Who is a member?
Our members are the local governments of Massachusetts and their elected and appointed leadership.
With final revenue numbers in hand for last year, Gov. Charlie Baker on Sept. 6 filed a budget bill to close the books on fiscal 2019 by adding to the state’s rainy day fund, cutting state taxes, and providing additional funding for a number of school aid and local capital projects.
State tax collections exceeded estimates for the year by $1.1 billion, and Lottery revenues also beat original projections by a significant margin.
The governor’s bill (H. 4067) would add $2 million to the special education circuit breaker account, which would fully fund the state’s share of the program. The account was originally funded at $319 million based on estimates at the beginning of last year.
The bill would add $1.2 million to reimburse regional school districts for a share of student transportation expenses.
The bill did not include funding, requested by the MMA, to help close the shortfall in mitigation payments due to municipalities and school districts to lessen the impact of charter school assessments.
The governor proposed $40 million for local road projects through the Chapter 90 program and $10.5 million in added funding through the Complete Streets and Small Bridges programs.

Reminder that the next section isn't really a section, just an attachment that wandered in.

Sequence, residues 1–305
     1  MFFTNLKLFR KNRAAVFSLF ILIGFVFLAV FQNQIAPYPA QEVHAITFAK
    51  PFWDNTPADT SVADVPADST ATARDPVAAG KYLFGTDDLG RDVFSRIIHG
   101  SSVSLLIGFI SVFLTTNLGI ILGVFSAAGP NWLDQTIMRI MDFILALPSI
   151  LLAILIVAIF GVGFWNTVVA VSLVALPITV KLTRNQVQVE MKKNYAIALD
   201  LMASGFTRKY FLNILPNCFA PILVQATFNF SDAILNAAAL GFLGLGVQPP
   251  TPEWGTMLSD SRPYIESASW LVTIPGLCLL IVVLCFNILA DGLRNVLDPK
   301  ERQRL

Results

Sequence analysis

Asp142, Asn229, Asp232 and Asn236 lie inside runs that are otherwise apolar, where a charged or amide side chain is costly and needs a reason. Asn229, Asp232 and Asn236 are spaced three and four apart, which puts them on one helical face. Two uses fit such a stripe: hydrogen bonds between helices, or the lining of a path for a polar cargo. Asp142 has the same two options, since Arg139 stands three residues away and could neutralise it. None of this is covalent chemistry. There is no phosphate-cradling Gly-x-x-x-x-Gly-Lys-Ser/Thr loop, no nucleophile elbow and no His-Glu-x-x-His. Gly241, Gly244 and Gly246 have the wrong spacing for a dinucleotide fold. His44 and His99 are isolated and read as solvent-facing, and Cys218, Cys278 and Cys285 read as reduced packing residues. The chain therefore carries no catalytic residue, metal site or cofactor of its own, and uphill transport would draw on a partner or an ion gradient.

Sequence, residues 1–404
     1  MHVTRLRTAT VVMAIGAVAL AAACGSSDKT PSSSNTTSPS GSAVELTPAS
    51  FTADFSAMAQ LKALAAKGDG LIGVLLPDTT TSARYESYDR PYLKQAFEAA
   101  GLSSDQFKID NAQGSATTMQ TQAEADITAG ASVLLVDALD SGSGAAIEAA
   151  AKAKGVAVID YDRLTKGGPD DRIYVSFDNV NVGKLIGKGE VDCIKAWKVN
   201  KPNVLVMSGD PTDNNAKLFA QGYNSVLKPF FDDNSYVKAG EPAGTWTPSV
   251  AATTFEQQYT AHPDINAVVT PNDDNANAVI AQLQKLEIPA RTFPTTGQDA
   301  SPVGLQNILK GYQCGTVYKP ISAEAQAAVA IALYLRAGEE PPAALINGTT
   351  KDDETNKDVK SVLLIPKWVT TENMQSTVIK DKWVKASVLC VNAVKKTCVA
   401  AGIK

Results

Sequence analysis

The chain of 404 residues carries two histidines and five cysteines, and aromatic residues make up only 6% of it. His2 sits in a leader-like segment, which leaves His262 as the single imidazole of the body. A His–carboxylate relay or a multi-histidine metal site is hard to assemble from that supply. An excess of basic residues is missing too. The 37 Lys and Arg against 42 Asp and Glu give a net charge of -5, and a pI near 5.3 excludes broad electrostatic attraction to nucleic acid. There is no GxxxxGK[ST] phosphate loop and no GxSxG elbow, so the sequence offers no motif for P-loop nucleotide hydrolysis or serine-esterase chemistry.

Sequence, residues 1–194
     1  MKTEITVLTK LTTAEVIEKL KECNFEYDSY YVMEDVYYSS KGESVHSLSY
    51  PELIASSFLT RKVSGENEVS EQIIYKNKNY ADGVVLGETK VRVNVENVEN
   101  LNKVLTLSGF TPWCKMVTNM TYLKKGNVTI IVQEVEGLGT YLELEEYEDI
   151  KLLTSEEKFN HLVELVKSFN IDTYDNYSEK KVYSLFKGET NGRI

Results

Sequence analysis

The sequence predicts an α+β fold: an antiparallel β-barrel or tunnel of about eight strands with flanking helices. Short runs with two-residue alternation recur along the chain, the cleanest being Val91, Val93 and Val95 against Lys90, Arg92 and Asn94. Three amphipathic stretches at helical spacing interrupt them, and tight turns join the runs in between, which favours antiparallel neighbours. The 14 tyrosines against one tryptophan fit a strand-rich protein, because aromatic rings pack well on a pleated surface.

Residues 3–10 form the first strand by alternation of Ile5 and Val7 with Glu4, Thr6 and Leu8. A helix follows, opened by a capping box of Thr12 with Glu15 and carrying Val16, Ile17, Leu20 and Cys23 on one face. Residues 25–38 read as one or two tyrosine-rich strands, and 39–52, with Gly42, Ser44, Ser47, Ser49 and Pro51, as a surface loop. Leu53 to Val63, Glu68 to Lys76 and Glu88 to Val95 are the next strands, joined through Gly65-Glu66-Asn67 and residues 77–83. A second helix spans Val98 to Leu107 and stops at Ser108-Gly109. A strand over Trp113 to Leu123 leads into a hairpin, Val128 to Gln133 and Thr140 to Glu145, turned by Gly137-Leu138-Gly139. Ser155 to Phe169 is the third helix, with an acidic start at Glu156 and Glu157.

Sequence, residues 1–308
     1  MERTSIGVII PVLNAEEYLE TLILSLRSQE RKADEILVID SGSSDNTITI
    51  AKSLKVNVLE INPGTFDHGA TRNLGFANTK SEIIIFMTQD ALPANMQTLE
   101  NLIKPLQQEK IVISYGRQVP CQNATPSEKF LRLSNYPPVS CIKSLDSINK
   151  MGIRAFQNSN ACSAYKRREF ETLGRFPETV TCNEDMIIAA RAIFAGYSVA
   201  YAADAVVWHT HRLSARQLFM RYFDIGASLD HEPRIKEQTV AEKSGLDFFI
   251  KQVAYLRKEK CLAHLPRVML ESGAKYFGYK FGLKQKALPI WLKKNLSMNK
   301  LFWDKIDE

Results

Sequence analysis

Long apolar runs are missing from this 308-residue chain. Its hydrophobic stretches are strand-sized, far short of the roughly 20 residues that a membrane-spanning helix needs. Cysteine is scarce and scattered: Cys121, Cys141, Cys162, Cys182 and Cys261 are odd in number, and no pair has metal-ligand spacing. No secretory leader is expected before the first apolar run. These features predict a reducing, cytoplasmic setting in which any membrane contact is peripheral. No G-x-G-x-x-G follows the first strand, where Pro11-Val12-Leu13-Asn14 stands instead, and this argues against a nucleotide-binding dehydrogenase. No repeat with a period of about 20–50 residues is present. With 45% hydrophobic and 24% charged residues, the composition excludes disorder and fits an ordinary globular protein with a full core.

At the May and June meetings of the Local Government Advisory Commission, municipal and school officials asked Lt. Gov. Karyn Polito to include these items in a final fiscal 2019 budget bill. The MMA will be asking the House and Senate to include these same items in the final FY19 bill that the Legislature sends back to the governor.
Last year, the closeout bill for fiscal 2018 was enacted on Oct. 23.
In response to growing concern about contamination of local drinking water supplies by chemicals known as PFAS, the governor’s bill includes $8.4 million for water supply testing and grants for treatment programs. The bill proposes a $20 million transfer to the state’s Clean Water Trust to support programs to remediate PFAS contamination and a separate $35 million transfer to the trust to increase general capacity to fund water projects.
The bill includes $4 million for the Community Compact program, through which the state helps cities and towns develop and implement best practices.
Gov. Baker proposed that $168 million be transferred to the state’s Stabilization Fund (above the $848 million previously transferred in fiscal 2019), which would bring the total to $3 billion.
The governor also proposed an immediate reduction in the state’s tax rate on personal income, from 5.05 percent to 5.0 percent, effective on Jan. 1, rather than waiting for the usual economic triggers to take effect, as expected later in the year. In addition, the bill would increase the income tax exemption for dependents from $1,000 per dependent to $2,000.